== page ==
FAST FIVE: Pirates Storm Korean Ship In The Singapore Strait; Steal Cash, Clothes And Shoes
For years, the area around the Red Sea, the Bab al-Mandab strait and the Gulf of Aden was the preferred venue for maritime pirates – mostly of Somali and Yemeni origin – who had become the scourge of Suez-crossing tankers headed to and from the Persian Gulf, at least until a coordinated military response by US and regional navies successfully eradicated much of the local piracy threat.
But as piracy off Africa's east (and occasionally west) coast faded, a nest of pirates appears to have re-emerged in the highly trafficked Singapore Strait in the South China Sea.
“Seven pirates, including one carrying a gun and two armed with knives, got on board and assaulted the sailors for about 30 minutes,” an official at the Ministry of Maritime Affairs and Fisheries told the Yonhap news agency.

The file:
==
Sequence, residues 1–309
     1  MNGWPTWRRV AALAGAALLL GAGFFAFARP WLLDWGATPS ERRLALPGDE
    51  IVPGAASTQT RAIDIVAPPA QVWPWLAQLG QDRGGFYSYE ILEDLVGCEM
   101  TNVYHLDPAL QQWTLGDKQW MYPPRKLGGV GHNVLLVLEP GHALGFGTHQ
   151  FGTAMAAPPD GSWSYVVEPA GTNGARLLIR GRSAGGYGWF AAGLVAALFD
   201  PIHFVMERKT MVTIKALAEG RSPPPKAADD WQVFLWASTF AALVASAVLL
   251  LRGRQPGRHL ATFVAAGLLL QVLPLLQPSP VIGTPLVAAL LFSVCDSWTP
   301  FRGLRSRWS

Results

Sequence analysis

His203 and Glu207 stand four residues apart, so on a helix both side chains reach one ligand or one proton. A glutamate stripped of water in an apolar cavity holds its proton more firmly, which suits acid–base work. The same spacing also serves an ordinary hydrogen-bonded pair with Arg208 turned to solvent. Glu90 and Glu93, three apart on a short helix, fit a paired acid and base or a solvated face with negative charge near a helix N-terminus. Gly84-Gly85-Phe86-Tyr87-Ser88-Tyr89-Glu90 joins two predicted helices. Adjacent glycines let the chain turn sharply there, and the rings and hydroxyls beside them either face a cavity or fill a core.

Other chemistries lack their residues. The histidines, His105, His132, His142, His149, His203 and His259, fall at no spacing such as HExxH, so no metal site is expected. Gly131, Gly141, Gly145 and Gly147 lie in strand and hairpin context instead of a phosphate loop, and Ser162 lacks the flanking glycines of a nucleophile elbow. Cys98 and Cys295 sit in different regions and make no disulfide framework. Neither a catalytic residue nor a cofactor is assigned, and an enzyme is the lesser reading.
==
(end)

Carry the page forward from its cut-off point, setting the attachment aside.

The pirate attack takes place after China's Ministry of Transport raised its security recommendation for Chinese vessels in the nearby Malacca Strait, between the Malay peninsula and the Indonesian island of Sumatra earlier this month.
While tougher policing on the route has made piracy less frequent on the strategic shipping route in recent years – similar to the decline in piracy off Africa's coastline – piracy has seen an increase on the world's seas, with the International Chamber of Commerce recording 201 incidents of maritime piracy and armed robbery in 2018, up from 180 in 2017.